✅ What’s Next For Armenia?
After nearly two weeks of widespread anti-government protests, Armenia celebrated the resignation of President turned Prime Minister Serzh Sargsyan. But amid the festivities, fresh rounds of civil demonstrations were emerging across the country as talks between the incumbent Republican party and the opposition broke down. Opposition leader Nikol Pashinyan, who led the protests against Sargsyan, called on Armenians to continue the protests until the leadership switched hands. We speak with the director of the Yerevan-based Analytical Center on Globalization and Regional Cooperation Stepan Grigoryan about what’s next for the country.
Dr. Stepan Grigoryan
Chairman of the Board, Analytical Center on Globalization and Regional Cooperation
✅ Russia’s Failed Attempts To Crack Down Telegram
Reports about government crackdown on independent media and websites come thick and fast from Russia. So, perhaps, it seemed like nothing but old news when people started hearing about the attempts to block Telegram, one of the few encrypted messaging apps in Russia. Earlier, its creator Pavel Durov refused to provide the government with access to users’ conversatмions. In its attempts to ban Telegram, Russia has managed to block pretty much everything but Telegram so far. We speak with Andrei Soldatov, a Russian investigative reporter and security services expert, about how a messaging app’s fight against Russia’s communications regulator has proven to be so effective so far.
Russian investigative reporter, security services expert
✅ Francis Fukuyama on Ukraine: A Philosopher's Guide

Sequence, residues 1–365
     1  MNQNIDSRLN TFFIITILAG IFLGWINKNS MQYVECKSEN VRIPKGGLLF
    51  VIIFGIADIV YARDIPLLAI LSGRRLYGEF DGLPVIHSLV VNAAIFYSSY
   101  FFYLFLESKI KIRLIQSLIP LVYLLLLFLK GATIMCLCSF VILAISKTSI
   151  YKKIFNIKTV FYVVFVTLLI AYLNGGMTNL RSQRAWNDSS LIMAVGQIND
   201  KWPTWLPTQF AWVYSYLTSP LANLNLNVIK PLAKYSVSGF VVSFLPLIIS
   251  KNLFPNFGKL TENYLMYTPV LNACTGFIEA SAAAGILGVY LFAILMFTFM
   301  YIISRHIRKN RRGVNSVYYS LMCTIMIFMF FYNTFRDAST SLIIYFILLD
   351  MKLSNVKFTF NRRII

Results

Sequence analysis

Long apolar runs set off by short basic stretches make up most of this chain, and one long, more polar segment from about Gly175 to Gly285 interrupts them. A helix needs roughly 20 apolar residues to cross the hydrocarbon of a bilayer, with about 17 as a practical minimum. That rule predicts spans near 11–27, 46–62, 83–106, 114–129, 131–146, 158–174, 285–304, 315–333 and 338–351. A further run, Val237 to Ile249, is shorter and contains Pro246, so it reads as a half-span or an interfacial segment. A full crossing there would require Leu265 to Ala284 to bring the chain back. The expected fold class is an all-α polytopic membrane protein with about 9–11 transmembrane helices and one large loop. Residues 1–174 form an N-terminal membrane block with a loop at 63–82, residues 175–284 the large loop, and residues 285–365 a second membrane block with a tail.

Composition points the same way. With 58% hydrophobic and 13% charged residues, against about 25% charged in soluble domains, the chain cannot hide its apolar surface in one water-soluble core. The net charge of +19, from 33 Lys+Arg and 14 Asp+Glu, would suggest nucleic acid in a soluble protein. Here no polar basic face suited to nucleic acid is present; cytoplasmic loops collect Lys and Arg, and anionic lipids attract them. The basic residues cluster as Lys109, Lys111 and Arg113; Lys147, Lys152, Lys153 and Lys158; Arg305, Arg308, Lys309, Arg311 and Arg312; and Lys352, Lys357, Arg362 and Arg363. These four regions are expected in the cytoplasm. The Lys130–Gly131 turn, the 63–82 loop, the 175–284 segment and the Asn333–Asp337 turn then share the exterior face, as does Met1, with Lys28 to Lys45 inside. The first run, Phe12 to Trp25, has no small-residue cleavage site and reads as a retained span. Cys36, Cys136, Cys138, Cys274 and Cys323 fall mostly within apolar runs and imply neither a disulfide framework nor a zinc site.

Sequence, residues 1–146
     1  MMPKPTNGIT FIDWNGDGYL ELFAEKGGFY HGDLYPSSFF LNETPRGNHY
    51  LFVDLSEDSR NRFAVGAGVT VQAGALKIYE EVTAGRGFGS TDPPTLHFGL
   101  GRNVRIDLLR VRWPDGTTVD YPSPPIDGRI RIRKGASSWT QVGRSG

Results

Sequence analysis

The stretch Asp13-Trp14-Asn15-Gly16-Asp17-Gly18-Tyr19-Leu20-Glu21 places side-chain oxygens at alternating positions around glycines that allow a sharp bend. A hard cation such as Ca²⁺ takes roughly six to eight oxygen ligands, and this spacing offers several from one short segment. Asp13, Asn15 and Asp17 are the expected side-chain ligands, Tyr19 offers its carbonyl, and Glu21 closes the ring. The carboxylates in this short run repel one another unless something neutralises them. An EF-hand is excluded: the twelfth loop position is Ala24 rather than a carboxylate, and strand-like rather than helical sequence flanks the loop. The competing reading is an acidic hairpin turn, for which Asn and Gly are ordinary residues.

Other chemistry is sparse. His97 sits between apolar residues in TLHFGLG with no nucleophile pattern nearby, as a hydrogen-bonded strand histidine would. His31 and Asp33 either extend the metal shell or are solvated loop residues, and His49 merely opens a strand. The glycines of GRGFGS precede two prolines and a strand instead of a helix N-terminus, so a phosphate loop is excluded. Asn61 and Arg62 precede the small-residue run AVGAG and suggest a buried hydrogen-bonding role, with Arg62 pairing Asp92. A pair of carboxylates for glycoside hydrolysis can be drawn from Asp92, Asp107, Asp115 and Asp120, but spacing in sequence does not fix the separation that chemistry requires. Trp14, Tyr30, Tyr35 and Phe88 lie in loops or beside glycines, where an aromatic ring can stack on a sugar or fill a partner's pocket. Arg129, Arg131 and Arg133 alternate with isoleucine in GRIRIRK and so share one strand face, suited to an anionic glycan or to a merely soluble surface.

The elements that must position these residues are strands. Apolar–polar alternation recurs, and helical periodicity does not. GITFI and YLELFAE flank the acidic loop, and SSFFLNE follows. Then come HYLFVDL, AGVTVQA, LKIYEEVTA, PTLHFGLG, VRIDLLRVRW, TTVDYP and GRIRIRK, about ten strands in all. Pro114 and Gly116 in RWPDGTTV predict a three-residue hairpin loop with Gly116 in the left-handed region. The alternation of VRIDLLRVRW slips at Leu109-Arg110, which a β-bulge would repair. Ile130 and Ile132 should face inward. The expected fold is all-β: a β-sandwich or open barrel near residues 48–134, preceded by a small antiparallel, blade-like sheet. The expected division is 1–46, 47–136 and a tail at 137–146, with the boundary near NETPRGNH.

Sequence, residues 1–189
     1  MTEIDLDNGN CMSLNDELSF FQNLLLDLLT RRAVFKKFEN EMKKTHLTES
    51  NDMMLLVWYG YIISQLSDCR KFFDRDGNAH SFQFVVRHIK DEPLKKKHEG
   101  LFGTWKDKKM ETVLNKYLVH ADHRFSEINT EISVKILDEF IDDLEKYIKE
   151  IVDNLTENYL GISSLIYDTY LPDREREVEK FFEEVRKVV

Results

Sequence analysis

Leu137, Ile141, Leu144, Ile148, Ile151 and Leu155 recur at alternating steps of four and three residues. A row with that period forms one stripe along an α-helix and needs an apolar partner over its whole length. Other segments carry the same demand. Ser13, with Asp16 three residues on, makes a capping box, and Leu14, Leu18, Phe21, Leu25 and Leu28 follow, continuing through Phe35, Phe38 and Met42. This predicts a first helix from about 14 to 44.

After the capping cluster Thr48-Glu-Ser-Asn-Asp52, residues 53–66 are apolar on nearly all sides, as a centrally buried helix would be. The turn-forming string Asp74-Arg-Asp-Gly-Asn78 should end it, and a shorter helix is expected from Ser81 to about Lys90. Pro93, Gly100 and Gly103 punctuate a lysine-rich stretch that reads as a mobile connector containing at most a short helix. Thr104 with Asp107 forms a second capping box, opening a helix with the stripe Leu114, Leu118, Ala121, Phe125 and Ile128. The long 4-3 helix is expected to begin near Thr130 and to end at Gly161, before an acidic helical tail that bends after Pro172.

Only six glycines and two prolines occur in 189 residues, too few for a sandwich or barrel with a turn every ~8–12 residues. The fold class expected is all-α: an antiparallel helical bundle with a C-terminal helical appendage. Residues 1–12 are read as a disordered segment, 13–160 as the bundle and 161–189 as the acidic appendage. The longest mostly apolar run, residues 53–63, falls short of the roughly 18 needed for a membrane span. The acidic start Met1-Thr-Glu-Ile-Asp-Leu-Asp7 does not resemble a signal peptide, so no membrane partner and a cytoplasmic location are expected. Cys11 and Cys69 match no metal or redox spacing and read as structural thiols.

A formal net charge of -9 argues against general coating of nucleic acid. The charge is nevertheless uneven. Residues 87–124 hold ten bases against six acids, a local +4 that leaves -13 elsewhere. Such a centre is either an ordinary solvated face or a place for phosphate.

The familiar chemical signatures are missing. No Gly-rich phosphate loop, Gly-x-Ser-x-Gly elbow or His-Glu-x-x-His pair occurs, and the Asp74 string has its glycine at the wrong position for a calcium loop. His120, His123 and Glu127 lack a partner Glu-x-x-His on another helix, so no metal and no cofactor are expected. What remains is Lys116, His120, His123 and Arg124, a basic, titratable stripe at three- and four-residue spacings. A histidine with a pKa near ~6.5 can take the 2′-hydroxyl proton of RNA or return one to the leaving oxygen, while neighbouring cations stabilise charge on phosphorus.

In the world of international politics and reforms, Francis Fukuyama is a force to be reckoned with. Currently a senior fellow at Stanford’s Freeman Spogli Institute, he is best known for his belief that the triumph of liberal democracy at the end of the Cold War marked the last ideological stage in the progression of human history. Now, we are honored to have him in our studio to share his views on Ukraine’s past, present and future in the fields of politics and reforms.
Senior Fellow at Stanford's Freeman Spogli Institute
✅ Chernobyl Disaster: 32 Years On
Is there life after Chernobyl? Some 10 years ago, many would be tempted to say no. But today it seems like the nuclear disaster-torn region has thriving wildlife and a returning population. We traveled to the exclusion zone to see what makes the region attractive to these settlers. We also speak with Oleh Bondarenko, a member of National Commission for Radiation Protection of Ukraine, about how safe it is to live in the area today and what the government is doing to make it habitable.
Member of National Commission for Radiation Protection of Ukraine